An 18-year-old teen from New York was driving his friend’s Lamborghini on Friday when the pair crashed into a guardrail. The teen appears to have been speeding, and lost control of the high-powered sports car. The crash claimed his life.
Writes The Associated Press: “Police say 18-year-old Samuel Shepard was taking the car for a spin on a county road in Mount Sinai on Long Island early Friday when he lost control. The car's owner, Michael Power, was a passenger in the car and was treated for nonlife-threatening injuries. Det. Sgt. Michael Fitzharris said that excessive speed is believed to be a factor in the crash.”
The crash occurred early Friday morning on a rural country road in Mount Sinai. The teen and his older family friend, 49-year-old Michael Power, were driving the 2010 Lamborghini, similar to the one seen in the picture above, at approximately 2:30 a.m. Friday. Shepard was at the wheel when he lost control on a curve and slammed into a guardrail. The entire front section of the vehicle was sheared off in the crash.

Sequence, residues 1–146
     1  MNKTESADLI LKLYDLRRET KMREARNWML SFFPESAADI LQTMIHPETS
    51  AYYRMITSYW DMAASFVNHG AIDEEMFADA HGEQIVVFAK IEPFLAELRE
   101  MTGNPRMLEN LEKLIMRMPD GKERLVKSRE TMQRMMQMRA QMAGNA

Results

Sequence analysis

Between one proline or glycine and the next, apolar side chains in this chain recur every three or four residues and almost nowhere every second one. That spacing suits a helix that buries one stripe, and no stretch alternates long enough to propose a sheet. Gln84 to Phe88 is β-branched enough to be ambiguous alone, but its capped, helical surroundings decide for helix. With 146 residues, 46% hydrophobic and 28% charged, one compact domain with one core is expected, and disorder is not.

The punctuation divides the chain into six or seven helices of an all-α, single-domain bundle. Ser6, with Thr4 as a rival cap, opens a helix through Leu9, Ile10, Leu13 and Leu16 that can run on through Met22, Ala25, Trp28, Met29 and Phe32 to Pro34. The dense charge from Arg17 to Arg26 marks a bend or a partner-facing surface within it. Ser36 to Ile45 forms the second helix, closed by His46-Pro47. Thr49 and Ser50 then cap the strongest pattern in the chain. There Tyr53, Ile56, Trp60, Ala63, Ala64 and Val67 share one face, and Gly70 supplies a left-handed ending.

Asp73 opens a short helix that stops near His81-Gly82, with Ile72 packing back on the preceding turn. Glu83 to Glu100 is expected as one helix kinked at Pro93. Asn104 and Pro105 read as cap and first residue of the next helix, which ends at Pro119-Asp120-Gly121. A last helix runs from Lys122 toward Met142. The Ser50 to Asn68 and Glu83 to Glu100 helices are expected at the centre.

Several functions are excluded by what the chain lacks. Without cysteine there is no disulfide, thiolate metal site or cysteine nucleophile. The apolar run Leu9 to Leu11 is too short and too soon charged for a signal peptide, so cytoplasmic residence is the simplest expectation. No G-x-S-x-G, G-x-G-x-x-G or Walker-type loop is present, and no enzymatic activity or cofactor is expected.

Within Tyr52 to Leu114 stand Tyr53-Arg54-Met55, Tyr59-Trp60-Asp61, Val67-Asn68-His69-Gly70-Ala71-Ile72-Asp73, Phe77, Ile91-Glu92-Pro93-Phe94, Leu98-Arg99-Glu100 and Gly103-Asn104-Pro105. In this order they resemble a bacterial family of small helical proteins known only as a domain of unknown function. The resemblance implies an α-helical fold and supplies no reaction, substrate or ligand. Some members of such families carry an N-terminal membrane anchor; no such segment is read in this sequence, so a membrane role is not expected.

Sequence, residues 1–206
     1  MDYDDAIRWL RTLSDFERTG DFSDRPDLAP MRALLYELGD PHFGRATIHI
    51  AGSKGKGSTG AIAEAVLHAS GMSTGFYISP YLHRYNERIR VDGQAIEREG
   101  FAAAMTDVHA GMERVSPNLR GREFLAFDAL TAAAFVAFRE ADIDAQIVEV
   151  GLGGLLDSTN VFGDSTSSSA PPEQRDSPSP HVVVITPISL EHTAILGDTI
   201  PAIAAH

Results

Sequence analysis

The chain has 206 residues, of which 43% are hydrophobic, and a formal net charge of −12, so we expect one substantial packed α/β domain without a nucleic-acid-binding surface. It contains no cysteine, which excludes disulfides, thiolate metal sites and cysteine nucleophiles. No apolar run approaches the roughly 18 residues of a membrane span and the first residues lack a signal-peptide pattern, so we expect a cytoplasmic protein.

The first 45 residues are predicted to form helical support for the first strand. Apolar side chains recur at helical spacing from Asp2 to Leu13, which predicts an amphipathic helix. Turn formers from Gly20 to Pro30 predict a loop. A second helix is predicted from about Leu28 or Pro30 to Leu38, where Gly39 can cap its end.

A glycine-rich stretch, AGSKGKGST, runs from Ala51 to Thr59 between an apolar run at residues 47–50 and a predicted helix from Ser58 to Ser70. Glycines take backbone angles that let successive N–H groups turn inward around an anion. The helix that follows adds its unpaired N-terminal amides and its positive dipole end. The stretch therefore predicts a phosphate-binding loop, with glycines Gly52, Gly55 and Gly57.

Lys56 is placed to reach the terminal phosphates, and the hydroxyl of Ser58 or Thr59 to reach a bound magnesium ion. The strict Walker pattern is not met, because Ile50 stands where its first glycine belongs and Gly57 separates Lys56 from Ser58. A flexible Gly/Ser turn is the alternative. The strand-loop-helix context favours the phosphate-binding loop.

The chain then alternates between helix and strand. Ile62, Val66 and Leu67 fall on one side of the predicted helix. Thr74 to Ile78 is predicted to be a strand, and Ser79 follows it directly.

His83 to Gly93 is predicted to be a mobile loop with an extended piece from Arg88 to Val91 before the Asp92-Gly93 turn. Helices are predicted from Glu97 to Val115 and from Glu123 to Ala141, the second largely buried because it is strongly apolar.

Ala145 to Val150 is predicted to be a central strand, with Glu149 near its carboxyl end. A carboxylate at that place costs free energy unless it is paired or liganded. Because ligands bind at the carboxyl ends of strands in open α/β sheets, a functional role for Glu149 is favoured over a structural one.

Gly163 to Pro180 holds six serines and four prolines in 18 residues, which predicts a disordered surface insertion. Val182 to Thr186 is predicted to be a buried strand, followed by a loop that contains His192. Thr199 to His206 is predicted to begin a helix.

Power was treated at Stony Brook University Hospital and released.
Det. Fitzharris said the teen, a recent graduate of Mount Sinai High School, jumped at the chance to drive the one-of-a-kind sportscar.
“I think it was probably just a once-in-a-lifetime opportunity for the kid, and this man chose to give him this opportunity,” Fitzharris said, adding that he would suspect their speed “was excessively fast.”
Father Gene Shepard said his son’s favorite car was the Lamborghini. He told Newsday.com that Sam had already mapped out his future – his son was accepted into the elite Army Rangers and was scheduled to begin training in October. He wanted to serve as a police officer when he got out of the service.
Gene owns Good Shepard Autobody in Port Jefferson Station, and said his son had a love for automobiles.
“Since he's a kid, he's been around cars,” Shepard Sr. said. “He was a very talented kid with his hands. He always helped me at the shop… He used to see his dad was working hard, and he'd pick up tools and start helping.”
“I'm numb,” the grieving father said.